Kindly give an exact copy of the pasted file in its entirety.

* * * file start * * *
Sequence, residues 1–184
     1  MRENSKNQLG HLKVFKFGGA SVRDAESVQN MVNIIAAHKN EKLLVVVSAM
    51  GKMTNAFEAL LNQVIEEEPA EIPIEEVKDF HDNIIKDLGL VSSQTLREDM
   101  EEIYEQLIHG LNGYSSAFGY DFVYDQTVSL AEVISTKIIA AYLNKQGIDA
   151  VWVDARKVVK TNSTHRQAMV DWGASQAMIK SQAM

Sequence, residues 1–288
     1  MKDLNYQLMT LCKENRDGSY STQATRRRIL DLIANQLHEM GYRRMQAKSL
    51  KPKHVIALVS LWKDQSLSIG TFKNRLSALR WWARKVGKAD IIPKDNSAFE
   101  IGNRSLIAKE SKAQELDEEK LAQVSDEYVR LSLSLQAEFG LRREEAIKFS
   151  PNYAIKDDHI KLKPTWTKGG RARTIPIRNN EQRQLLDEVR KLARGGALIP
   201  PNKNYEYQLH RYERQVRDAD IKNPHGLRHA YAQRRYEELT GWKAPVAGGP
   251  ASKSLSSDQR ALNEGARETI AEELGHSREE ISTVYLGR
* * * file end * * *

Sequence, residues 1–184
     1  MRENSKNQLG HLKVFKFGGA SVRDAESVQN MVNIIAAHKN EKLLVVVSAM
    51  GKMTNAFEAL LNQVIEEEPA EIPIEEVKDF HDNIIKDLGL VSSQTLREDM
   101  EEIYEQLIHG LNGYSSAFGY DFVYDQTVSL AEVISTKIIA AYLNKQGIDA
   151  VWVDARKVVK TNSTHRQAMV DWGASQAMIK SQAM

Sequence, residues 1–288
     1  MKDLNYQLMT LCKENRDGSY STQATRRRIL DLIANQLHEM GYRRMQAKSL
    51  KPKHVIALVS LWKDQSLSIG TFKNRLSALR WWARKVGKAD IIPKDNSAFE
   101  IGNRSLIAKE SKAQELDEEK LAQVSDEYVR LSLSLQAEFG LRREEAIKFS
   151  PNYAIKDDHI KLKPTWTKGG RARTIPIRNN EQRQLLDEVR KLARGGALIP
   201  PNKNYEYQLH RYERQVRDAD IKNPHGLRHA YAQRRYEELT GWKAPVAGGP
   251  ASKSLSSDQR ALNEGARETI AEELGHSREE ISTVYLGR